Answers to the Most Common Drone Questions
Drones, also called unmanned aircraft systems (UAS), have skyrocketed into the mainstream and are widely used for recreational and professional use. Think of a specific industry, and chances are you will find that drones are being used in some capacity. Drones have also become a recreational pastime, one that even children participate in. However, flying a drone without the proper knowledge of Federal Aviation Administration (FAA) rules and regulations regarding UAS flight can quickly get you into hot water and ground your drone permanently.
We’ve compiled a list of common Drone questions and answers.
Q: Can I legally take pictures and videos with my drone?
A: The simple answer is yes. Keep in mind that there are guidelines for drone flight regarding altitude limitations and allowable airspace. So long as you stay out of no-fly zones, drone flight is unrestricted.
Note: Due to rising concerns for privacy raised by the increase in aerial photography, which can have legal and liability implications, the FAA is currently working on rules and regulations specifically regarding camera use in reference to drones. Until then, use of drone photography and videography is legal.
Q: Where can drones be flown?
A: The FAA defines the maximum height allowable for recreational drone flight as 400 feet. You must keep your drone a minimum of 5 miles from airports, unless you have informed air traffic control. You’ll also want to keep your drone away from manned aircraft, and always in your line of site. The FAA web site outlines these restrictions very clearly in their UAS informational web site.
Q: I want to attach my Go Pro, what kind of drone should I get?
A: You’ll want to look for two very specific features:
- Your drone needs to have an attachment mount in order to attach the Go Pro. You can purchase this mount separately, or save money and buy a drone that already has a mount attached to the drone.
- Your drone needs to be able to support the weight of the Go Pro. This will require the purchase of a larger drone. You can usually see the weight limitations on manufacturer specs if shopping online, and it will also be listed on the packaging of your drone.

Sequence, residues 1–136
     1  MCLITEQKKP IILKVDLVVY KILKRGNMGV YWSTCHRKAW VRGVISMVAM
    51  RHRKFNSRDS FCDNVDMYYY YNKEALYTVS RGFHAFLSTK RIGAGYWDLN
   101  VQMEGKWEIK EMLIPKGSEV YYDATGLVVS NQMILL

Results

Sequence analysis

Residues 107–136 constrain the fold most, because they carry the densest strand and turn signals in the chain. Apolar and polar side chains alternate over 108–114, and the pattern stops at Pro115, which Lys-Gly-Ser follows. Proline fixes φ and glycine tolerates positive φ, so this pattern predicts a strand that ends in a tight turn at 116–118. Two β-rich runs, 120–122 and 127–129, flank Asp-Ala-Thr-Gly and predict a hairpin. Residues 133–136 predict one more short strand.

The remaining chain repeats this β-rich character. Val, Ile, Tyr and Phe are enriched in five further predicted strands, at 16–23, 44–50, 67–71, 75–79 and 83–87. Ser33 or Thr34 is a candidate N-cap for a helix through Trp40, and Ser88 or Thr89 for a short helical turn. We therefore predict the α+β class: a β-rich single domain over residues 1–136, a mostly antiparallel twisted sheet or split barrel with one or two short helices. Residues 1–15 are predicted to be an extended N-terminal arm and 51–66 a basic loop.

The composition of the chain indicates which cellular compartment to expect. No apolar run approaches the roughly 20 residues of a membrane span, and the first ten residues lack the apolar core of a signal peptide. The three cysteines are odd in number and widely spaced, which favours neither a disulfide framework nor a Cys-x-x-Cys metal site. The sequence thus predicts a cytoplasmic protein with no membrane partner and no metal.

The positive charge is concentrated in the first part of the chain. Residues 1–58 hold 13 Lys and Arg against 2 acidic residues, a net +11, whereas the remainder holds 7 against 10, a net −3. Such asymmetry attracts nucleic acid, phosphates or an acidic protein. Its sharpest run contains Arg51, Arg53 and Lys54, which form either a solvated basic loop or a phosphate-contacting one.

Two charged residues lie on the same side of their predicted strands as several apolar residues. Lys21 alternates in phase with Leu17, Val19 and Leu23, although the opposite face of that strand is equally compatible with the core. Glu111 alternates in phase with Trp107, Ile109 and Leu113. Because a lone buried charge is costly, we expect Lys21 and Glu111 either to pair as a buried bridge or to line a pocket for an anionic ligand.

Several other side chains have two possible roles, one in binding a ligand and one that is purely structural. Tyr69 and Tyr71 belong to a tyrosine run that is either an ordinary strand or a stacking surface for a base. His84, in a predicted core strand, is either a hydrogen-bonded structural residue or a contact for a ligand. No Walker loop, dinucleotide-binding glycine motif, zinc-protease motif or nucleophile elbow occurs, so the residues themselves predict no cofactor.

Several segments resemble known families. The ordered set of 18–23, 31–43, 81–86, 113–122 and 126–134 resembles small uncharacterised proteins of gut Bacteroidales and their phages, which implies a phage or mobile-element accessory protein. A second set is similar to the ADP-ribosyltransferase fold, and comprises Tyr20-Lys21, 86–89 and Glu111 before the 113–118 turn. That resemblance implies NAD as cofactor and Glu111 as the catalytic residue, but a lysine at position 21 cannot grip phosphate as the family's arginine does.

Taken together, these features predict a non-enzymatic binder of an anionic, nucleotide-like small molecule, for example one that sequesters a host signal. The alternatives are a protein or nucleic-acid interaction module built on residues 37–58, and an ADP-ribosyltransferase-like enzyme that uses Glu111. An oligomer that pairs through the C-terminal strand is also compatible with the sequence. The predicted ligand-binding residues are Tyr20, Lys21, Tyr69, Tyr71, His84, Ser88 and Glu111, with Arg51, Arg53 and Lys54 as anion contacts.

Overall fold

Q: Do I need to register my drone?
A: The FAA requires that any drone weighing more than 0.55 lbs. and less than 55 lbs. needs to be registered to legally occupy U.S. airspace. Any drone above 55 lbs. will have to be registered through the Aircraft Registry Process.
Q: What happens if I lose sight of my drone?
A: If you purchase a drone with a Return to Land (RTL) feature, and your drone is GPS enabled, it will automatically return to the point of takeoff if the drone flies out of range. Many drones will also have a manual RTL option that requires you to push a button, or engage a command, to bring your drone back to the takeoff spot.
Q: What if the battery on my drone dies mid-flight?
A: Normally, a very ugly crash landing would happen if your battery dies while the drone is in flight. However, newer drones have warning systems that will tell you if your battery is about to fail so that you can land the drone quickly and safely. The RTL option will help you locate your drone if it runs out of battery life mid-flight. It is always a good idea to make sure your drone is fully charged before flight.
Q: My drone will be for professional use, what are the guidelines for this?
A: Professional use falls under the small UAS rule (14 CFR Part 107). This requires that the operator hold a remote pilot license, and the aircraft must go through pre-flight checks before flight.
Regulations for flight are like recreational use, in that all aircraft over 0.55 lbs. must be registered, aircraft must be kept in sight, flights must occur during the day, and flights must be kept under 400 ft. at a speed no greater than 100 mph. You may also not fly from a moving vehicle, nor can you fly over people.
This might cause a dilemma if your professional use entails capturing views of a crowd at a concert or sporting event. In those cases, you will need to file for a section 333 waiver, in which you provide your specific safety plan for use outside of regulations, so that you can operate safely and legally.